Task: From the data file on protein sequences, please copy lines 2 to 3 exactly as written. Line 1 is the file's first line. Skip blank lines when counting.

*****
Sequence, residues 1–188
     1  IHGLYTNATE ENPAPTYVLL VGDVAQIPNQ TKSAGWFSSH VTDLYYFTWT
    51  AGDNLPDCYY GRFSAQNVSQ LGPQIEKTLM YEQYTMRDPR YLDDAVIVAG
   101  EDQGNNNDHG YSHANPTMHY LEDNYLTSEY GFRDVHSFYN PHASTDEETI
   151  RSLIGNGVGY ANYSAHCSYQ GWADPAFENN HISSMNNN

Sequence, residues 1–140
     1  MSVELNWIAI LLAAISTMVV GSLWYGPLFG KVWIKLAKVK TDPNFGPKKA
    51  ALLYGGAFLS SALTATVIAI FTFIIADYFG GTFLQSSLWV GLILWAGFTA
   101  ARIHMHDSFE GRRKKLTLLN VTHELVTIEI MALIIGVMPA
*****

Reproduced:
     1  IHGLYTNATE ENPAPTYVLL VGDVAQIPNQ TKSAGWFSSH VTDLYYFTWT
    51  AGDNLPDCYY GRFSAQNVSQ LGPQIEKTLM YEQYTMRDPR YLDDAVIVAG